Gloomy Prospect for US Cyber Auxiliary

The US Marine Corps announced that it will create a Cyber Auxiliary to recruit talents for cyber warfare. The Marine Corps made several concessions to form this unit, but it remains to be seen whether it will work or not, according to latest reports published on the US War on the Rocks website.

Existing cyber security professionals are not enough for realizing US huge ambitions

Price, a Pentagon senior official for public affairs, said that it has been difficult for the US military to retain senior cyber security professionals because the military is less attractive than private companies in recent years in terms of salary and career development. In view of this, the US Department of Defense and the major services are studying or enabling “special terms” for recruiting network talents. For instance, the US Army has launched the Direct Hire Program.

Price explained: “Previously, the direct commission route was only available for legal and medical professions. Now, senior cyber talents are eligible for the direct commission route and higher ranks”. The National Defense Authorization Act for Fiscal Year 2018 further expanded the services’ previous ability to bring in talent by allowing direct commission programs up to the colonel level. In addition, the Pentagon will provide “special allowances” to cyber talents depending on their positions.

The US Marine Corps is also thirsty for cyber talents. It has not been possible to recruit enough personnel to support its scale expansion plan since the establishment of the Marine Corps Cyber Auxiliary. The US-based think tank “New America” proposed to follow the model adopted by the United States Coast Guard Auxiliary and form a Cyber Auxiliary consisting of civilian volunteers and veterans. The plan quickly took shape with the support of the US Marine Corps Commander Robert Neller.

Even at the expense of denting the “tough guy” image

According to the report, veterans with rich cyber experience are the primary recruits of the Marine Corps because they just left the military and still maintain their sense of responsibility and loyalty. They can easily pass the security clearance and obtain corresponding permits. They can start the job immediately. In addition, people with “white hat” or “black hat” hacking experience are the most popular. “Their professional ability is unquestionable, and the main obstacle is whether they can be green lighted the security clearance or not,” said Price.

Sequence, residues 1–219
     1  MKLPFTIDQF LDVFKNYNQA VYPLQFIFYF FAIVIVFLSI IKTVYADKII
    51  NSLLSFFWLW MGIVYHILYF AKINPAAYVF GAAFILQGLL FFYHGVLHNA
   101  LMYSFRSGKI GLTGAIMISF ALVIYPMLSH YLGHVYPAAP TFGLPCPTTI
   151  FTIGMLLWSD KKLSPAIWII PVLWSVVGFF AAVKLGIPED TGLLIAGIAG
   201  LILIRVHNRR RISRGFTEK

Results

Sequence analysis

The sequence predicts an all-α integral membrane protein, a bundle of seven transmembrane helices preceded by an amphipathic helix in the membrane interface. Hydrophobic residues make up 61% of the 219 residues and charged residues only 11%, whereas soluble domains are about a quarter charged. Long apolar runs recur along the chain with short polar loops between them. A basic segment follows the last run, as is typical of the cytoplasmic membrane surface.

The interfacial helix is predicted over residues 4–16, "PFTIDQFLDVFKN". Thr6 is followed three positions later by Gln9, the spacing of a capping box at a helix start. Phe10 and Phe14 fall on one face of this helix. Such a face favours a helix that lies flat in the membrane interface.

The US Marine Corps made several concessions in order to attract more civilians to join the Cyber Auxiliary. For example, they do not need to participate in the boot camp, do not have to meet the Marine Corps physical standards, and do not need to cut hair or dye the colorful hair back, as long as they are highly skilled and know how to penetrate the network system. The commentary believes that this is rare for the Marine Corps, which has always been a “tough guy” in public.

Just serve as a network security consultant, not the “hatchet man”

The official website of the US Marine Corps said that the Cyber Auxiliary personnel are mainly responsible for training, advice and guidance for Marine Corps personnel on cyber security and other computer-related issues. The work essentially is equivalent to a network security consultant. “They will only provide technical support in the simulation environment and will not participate in actual operations as ‘cyber beaters’,” said Price.

Although this new force is placed with great hopes, its development prospects are not optimistic.

Analysts believe that the recruitment of personnel still has difficulties. Money, prestige and challenge are the three major factors attracting senior network talents. However, it is difficult for the military to meet these requirements. Senior cyber talents have always been very popular and it is difficult for the military to compete against private firms.

Secondly, it is difficult for hackers to adapt to the military camp atmosphere and military culture even if they are recruited. The Marines will regard hackers as “aliens” and they cannot build trust between each other, thus affecting the completion of missions.

Last but not least, recruiting volunteers from civilians poses a major safety hazard. Despite detailed safety review procedures, no one can guarantee that the background of the shortlisted will be absolutely innocent. The consequences are unimaginable once the corrupted and vicious are recruited.

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